How to Clean a Hiking Backpack; Cleaning your hiking backpack might seem like an easy thing to do, but if you’re not careful, you could ruin your brand new pack in the process of giving it the spring cleaning it needs. In order to clean your hiking backpack without ruining it, follow these four steps carefully and you’ll be ready to hit the trails again in no time.
Step 1: Eliminate odor
If your backpack smells bad, it’s probably because it’s holding onto sweat, dirt, and bacteria. To get rid of the odor, you’ll need to clean it with a solution that will eliminate the bacteria. A 50/50 mixture of water and vinegar is a good option. Just be sure to spot test on an inconspicuous area first, as vinegar can sometimes damage nylon.
Step 2: Degrease the Stains
Stains from foods or grease can be some of the most difficult to remove from fabric. For this reason, you’ll want to degrease the stain as best as possible before proceeding with any other cleaning method.
To do so, you’ll need a mixture of 3 tablespoons white vinegar and 1 tablespoon dish soap.
Stir the mixture together in a container and then scrub it onto the dirty area with an old toothbrush. Rinse well and repeat if necessary until all traces of grease are gone.
For extreme cases where grease stains cannot be removed by degreasing, laundry detergent mixed with water may be used on small areas at a time.
Step 3: Spot Clean with Vinegar
Spot cleaning with vinegar is an effective way to clean your backpack without ruining it. You’ll need: 1 cup of water, 1/2 cup of white vinegar, and a clean cloth. Simply mix the water and vinegar together and use the cloth to scrub away any dirt or stains on your backpack. Rinse the backpack with clean water when you’re finished and allow it to air dry.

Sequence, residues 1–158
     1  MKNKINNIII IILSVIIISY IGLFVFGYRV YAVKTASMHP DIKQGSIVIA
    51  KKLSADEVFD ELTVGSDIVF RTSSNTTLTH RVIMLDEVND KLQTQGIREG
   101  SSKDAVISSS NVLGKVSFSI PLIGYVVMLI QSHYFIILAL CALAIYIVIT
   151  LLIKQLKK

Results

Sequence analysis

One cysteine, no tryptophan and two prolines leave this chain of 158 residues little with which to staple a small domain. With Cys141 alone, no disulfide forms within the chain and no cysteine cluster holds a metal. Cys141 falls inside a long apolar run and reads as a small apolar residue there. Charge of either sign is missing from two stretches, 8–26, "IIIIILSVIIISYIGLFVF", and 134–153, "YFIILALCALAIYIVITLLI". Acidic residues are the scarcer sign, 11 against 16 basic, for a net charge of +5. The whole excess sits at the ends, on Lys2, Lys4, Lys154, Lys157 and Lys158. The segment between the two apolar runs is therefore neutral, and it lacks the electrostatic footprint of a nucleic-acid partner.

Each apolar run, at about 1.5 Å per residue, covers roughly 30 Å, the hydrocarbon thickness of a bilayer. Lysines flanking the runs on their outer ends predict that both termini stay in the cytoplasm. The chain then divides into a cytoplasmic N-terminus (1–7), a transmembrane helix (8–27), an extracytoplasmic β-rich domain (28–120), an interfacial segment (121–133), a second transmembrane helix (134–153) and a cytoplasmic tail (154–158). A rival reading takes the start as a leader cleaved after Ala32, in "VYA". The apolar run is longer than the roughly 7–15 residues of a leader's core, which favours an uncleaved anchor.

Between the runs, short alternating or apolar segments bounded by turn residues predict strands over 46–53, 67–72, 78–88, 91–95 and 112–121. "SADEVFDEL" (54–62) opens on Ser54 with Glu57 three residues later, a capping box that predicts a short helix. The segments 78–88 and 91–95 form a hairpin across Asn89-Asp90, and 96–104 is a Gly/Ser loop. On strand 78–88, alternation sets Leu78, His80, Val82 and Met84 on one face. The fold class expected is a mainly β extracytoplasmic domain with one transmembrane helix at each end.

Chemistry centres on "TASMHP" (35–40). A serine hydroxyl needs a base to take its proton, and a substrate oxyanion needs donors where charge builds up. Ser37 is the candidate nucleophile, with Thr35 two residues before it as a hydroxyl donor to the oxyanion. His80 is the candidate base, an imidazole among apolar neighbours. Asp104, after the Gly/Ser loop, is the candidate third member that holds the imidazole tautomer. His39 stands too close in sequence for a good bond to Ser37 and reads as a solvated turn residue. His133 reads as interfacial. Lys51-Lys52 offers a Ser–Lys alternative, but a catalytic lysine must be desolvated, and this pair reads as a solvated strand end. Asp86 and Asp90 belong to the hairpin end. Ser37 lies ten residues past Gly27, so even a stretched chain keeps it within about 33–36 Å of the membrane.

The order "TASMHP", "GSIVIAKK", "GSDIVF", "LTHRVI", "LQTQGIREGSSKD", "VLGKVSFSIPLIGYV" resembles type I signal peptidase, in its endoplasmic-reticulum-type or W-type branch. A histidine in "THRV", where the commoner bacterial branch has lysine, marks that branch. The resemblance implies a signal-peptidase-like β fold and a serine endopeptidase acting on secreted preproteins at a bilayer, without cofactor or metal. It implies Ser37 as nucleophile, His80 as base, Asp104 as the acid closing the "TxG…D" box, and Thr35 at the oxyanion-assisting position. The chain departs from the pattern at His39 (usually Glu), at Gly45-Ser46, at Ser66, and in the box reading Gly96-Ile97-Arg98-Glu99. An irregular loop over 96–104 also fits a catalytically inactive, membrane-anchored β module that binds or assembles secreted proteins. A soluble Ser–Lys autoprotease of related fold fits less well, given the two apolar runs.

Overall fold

Step 4: Dry in the Sun
Once you’ve given your backpack a good wash, it’s time to dry it in the sun. Hang your backpack from a clothesline or tree branch, and let it air out for a few hours. The sun will help kill any lingering bacteria, and the fresh air will help dry out the fabric. Just be sure to keep an eye on your backpack, as the sun can cause fading and damage if it’s left out for too long.
Step 5: Repair Zippers, Pockets, and Straps
5. Zippers, pockets, and straps can all take a beating during a hike. So before you store your backpack away, make sure to inspect and repair any damage. Take care of loose ends on the zipper so they don’t catch on anything or snag. Double-check pockets for holes or tears that could lead to leaks or spills while it’s in storage. And look over the straps for any fraying that could weaken them in storage or while they’re being used again next season.
Once you’ve scrubbed away all the dirt and grime, rinse your backpack thoroughly with clean water. Hang it up to dry in a cool, well-ventilated area out of direct sunlight. Inspect all the straps and buckles, and if any are damaged, replace them before your next hike. Finally, give your backpack a good once-over to make sure you didn’t miss any spots.